China has the largest population of smokers in the world. In support of the tenets of the World Health Organization Framework Convention on Tobacco Control, major tobacco control efforts by healthcare professionals are underway but there has been limited attention to enhancing the role that the 1.65 million nurses in China can play in curbing the tobacco-related epidemic. The goal of this project is to adapt a Web-based educational program to increase nurses' knowledge and skills in conducting tobacco cessation intervention. This innovative intervention will use information technology and will be tested by 1000 practicing nurses in Beijing. Dr. Xiao Nong Zou, Chief, Office for Tobacco Control, National Office for Cancer Prevention and Cancer Control, Cancer Institute and Hospital, Chinese Academy of Medical Sciences, and Professor Sophia Chan, Head, School of Nursing, University of Hong Kong, will serve as key consultants. A special page on the Tobacco Free Nurses website will include nurse-tailored translated materials and a twenty minute video Web-cast based on the Rx for Change curriculum© to educate nurses on tobacco cessation interventions. The project was launched in April, 2011.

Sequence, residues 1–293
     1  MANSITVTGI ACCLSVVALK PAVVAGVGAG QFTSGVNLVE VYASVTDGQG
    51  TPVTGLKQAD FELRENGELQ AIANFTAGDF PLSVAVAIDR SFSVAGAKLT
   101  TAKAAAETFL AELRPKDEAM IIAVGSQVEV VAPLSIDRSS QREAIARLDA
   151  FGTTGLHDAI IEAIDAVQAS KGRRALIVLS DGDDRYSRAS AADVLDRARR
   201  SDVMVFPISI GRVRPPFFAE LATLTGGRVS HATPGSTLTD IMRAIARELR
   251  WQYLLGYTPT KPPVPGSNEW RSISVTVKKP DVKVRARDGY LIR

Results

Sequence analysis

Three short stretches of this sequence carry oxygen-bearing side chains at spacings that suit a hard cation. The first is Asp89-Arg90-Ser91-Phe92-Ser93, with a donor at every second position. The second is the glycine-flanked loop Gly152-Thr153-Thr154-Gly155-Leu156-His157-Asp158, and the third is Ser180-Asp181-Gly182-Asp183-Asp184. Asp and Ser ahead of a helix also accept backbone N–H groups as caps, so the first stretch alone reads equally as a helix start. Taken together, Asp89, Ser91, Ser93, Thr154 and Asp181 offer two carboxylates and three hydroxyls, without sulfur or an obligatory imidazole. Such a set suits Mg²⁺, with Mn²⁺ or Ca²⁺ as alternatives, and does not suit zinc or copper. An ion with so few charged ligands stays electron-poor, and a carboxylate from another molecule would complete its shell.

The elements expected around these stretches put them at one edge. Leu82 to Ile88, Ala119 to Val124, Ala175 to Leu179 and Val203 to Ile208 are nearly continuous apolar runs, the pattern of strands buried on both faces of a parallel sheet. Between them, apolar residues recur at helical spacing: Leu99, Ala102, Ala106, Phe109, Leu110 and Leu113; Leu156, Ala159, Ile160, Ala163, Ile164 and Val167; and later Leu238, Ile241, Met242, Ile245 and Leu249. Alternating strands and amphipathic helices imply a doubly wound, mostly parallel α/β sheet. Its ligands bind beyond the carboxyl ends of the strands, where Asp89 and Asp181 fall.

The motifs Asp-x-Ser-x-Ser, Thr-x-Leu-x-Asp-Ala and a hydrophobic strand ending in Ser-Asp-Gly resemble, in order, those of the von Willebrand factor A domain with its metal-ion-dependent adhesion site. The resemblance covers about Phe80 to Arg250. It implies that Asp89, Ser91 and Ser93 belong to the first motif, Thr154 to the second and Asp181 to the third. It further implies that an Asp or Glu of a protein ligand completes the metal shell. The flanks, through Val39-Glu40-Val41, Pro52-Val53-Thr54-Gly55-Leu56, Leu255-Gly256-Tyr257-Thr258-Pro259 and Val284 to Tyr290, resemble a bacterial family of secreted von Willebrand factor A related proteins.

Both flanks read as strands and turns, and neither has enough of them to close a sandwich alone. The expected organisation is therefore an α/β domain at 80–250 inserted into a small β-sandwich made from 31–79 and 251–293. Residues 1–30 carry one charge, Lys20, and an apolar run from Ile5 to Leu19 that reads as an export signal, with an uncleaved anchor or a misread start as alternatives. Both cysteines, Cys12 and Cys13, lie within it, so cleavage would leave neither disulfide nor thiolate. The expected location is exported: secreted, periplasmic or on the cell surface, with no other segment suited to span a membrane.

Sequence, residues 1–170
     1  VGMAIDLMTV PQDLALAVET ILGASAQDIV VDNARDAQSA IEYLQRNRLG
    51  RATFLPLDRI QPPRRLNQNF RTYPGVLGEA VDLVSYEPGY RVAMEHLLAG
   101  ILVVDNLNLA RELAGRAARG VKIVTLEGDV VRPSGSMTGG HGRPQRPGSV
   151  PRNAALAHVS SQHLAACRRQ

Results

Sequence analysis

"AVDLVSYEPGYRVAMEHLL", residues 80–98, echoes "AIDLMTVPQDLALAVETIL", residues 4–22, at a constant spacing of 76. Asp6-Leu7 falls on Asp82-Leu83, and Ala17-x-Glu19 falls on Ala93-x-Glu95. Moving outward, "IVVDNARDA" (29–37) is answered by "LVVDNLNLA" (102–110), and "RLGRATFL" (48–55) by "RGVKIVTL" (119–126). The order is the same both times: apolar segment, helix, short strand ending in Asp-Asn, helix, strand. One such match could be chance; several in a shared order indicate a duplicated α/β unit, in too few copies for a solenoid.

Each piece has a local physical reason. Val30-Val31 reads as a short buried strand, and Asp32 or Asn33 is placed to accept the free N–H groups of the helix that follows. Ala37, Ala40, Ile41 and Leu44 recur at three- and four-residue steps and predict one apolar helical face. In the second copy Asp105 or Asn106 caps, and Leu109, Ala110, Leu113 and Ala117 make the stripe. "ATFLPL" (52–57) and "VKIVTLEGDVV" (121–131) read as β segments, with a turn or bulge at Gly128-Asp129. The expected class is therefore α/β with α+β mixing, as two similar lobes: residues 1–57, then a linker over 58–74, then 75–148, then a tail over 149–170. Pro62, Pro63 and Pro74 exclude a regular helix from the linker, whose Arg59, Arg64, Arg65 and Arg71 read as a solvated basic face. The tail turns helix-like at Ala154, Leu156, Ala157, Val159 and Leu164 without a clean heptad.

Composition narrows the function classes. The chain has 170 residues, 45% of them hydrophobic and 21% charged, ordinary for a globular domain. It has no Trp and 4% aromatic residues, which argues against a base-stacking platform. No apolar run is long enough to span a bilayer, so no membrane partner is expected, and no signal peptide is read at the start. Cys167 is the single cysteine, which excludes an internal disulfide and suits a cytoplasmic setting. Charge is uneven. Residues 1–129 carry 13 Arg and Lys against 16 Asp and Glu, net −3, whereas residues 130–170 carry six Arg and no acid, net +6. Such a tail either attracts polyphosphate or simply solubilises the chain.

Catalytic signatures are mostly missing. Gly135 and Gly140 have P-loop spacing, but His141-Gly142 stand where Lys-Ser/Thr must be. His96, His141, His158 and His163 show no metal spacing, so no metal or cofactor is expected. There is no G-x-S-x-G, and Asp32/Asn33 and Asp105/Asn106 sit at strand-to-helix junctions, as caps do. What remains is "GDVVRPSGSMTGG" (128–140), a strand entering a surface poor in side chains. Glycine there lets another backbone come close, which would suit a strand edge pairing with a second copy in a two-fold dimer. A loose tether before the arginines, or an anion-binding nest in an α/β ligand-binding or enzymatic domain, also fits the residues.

Read more about the importance of this initiative and the School of Nursing Program in Bloomberg News.
Dr. Linda Sarna Appointed Visiting Professors in China
Dr. Linda Sarna has been appointed as a Visiting Professors by the Anhui Medical University in China. As visiting professor, she has given lectures at the university, supported research projects and provided guidance and mentorship for faculty visiting UCLA from Anhui Medical University.
Dr. Barbara Bates-Jensen in Haiti
Like the rest of the world, two members of the UCLA School of Nursing faculty watched in horror January 2010 as television networks reported on the devastation in Haiti. The 7.0-magnitude earthquake had wreaked unimaginable havoc, killing or injuring more than half a million people and leaving as many as 1 million more homeless. But unlike most viewers, Dr. Barbara Bates-Jensen and Patti Taylor knew they had skills that were in great need in Haiti.
Dr. Bates-Jensen responded to an urgent call for wound-care experts. Although she had no experience responding to disasters or working in combat conditions, her expertise was in demand and "I could not ignore the need," says the associate professor. Taylor, a clinical nurse specialist lecturer and retired U.S. Army nurse who had served on the Desert Shield and Desert Storm missions, knew her experience as a military nurse could be helpful, so she volunteered to be part of a team of UCLA health care professionals – five nurses and one physician – who would treat Haitians suffering from injuries following the quake. "It was the right thing to do," Taylor says simply.